Some of the older PSBs just slip over the buffer tube. The sliding version for the Sig Sauer MPX rides on collapsible struts so you can optimize the device for your particular anatomy. The SBPDW offers this same performance for your AR.

SB Tactical SBA3

The SBA3 sliding brace could pass for a standard M4 stock in dim light and fits onto a standard mil-spec carbine receiver extension. A new buffer tube is included with the brace should you need it. It also comes with integral sling sockets. Press the release at the front of the unit and the brace slides fore and aft in the manner of a stock. It also sports the standard Velcro attachments as well. In short, the SBA3 is the most exciting tactical gun accessory in a generation. It’s also surprisingly affordable.

SB Tactical gear currently comes in black and Flat Dark Earth, and the quality is superb. The company’s stuff is veteran designed and made in America. As I said, Alex Bosco and SB Tactical gifted American civilian shooters with a whole new genre of guns. Their efforts have literally reshaped the landscape.

SB Tactical FS1913

Another new product from SB Tactical is the FS1913 side-folding PSB. It has a low-profile, left-side-folding design that is compatible with all handguns with a Picatinny rail interface at the rear of the receiver, including the Sig Sauer MPX and MCX as well as Rock River Arms’ LAR-PDS. Shipping as a complete assembly ready for installation, the FS1913 features an advanced billet-steel hinge that locks firmly in both the folded and extended positions. The pull-through design provides for quick deployment and a solid lockup when fully extended. It’s certainly worth checking out.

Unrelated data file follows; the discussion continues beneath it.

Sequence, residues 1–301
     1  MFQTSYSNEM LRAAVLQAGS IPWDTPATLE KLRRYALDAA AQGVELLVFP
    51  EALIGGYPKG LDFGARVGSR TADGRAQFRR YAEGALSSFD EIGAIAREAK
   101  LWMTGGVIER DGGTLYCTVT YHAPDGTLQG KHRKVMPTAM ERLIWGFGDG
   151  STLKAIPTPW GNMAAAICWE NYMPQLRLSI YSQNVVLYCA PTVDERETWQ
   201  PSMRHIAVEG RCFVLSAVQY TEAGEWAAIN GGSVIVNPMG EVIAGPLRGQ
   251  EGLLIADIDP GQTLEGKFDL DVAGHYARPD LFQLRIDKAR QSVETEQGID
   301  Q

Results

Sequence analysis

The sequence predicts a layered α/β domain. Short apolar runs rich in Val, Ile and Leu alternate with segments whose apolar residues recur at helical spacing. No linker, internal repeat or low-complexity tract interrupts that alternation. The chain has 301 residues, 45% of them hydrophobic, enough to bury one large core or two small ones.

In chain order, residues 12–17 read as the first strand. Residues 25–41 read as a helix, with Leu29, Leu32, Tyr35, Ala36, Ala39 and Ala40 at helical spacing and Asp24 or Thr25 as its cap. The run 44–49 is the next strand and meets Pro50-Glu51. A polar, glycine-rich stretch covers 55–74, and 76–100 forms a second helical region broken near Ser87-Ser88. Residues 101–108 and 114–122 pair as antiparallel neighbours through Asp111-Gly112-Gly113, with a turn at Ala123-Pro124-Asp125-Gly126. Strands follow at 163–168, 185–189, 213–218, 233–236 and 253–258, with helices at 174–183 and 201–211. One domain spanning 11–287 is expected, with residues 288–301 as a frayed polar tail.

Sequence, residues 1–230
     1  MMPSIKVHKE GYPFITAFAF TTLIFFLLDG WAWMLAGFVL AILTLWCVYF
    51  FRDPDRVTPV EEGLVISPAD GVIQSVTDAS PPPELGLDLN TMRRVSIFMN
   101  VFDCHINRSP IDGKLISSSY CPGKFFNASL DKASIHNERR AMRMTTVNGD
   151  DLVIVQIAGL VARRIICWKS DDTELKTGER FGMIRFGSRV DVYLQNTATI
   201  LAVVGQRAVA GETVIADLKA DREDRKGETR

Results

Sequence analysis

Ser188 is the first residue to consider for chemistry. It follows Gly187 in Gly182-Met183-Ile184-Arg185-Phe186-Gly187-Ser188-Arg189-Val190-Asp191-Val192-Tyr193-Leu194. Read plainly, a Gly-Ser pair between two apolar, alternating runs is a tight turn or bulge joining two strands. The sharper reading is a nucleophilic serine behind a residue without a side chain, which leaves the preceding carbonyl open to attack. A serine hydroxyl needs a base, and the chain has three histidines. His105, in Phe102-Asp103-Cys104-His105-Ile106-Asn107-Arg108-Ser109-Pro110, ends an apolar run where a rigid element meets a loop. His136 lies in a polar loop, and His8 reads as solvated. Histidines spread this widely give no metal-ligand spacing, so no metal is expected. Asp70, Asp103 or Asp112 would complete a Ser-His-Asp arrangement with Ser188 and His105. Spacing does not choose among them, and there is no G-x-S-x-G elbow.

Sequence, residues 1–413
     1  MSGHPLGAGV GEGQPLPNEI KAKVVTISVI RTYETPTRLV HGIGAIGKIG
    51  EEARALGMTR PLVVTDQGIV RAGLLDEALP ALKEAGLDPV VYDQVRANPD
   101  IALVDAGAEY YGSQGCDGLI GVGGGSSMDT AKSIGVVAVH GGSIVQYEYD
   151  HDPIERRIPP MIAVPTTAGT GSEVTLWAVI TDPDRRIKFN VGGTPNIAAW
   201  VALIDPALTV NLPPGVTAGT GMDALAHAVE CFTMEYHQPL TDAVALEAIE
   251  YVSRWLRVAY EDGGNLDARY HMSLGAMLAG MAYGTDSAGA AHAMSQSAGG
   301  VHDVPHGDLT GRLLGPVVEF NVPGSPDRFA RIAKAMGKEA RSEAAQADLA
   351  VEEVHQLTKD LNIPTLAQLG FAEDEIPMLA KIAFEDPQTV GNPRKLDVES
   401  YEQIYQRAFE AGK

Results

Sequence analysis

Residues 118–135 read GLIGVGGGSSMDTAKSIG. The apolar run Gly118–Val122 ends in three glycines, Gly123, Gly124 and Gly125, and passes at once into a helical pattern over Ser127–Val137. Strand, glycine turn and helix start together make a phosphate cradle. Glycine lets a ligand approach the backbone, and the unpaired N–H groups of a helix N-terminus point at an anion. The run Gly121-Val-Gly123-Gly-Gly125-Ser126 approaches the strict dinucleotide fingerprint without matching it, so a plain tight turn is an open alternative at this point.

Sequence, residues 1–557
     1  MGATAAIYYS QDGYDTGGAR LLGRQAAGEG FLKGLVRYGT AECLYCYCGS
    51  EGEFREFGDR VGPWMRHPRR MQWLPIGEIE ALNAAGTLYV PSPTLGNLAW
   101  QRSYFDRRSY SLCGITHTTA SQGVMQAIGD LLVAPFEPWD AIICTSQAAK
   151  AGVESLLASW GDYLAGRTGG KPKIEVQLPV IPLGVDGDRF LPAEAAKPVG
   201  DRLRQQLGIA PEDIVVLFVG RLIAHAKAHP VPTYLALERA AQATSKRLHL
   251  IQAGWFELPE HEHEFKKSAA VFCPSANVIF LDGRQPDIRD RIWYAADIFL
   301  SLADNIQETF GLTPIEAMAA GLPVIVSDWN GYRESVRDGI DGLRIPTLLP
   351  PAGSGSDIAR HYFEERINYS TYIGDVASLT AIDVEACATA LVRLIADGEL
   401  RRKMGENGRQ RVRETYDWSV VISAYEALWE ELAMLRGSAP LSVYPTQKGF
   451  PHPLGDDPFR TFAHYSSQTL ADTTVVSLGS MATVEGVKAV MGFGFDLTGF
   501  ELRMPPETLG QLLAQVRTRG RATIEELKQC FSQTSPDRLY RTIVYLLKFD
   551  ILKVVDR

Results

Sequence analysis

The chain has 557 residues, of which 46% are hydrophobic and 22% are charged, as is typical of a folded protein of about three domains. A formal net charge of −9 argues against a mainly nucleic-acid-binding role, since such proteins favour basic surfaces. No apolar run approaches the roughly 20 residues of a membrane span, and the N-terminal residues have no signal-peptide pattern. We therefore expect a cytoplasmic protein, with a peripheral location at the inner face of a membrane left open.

For more information, please visit SB-Tactical.com.

DoubleStar Strongarm

Pistol Stabilizing Braces, DoubleStar Strongarm

The DoubleStar Strongarm is a deceptively simple yet remarkably effective ddendum to your favorite AR pistol. It’s available as a standalone attachment or as part of the new ARP7 pistol (see the sidebar). Cut from a billet of aluminum, the Strongarm slips over your buffer tube and secures in place with two clamp screws. It also comes with sling mounting sockets and a Velcro arm attachment. In short, it’ll turn any AR pistol into a much more stable hot rod.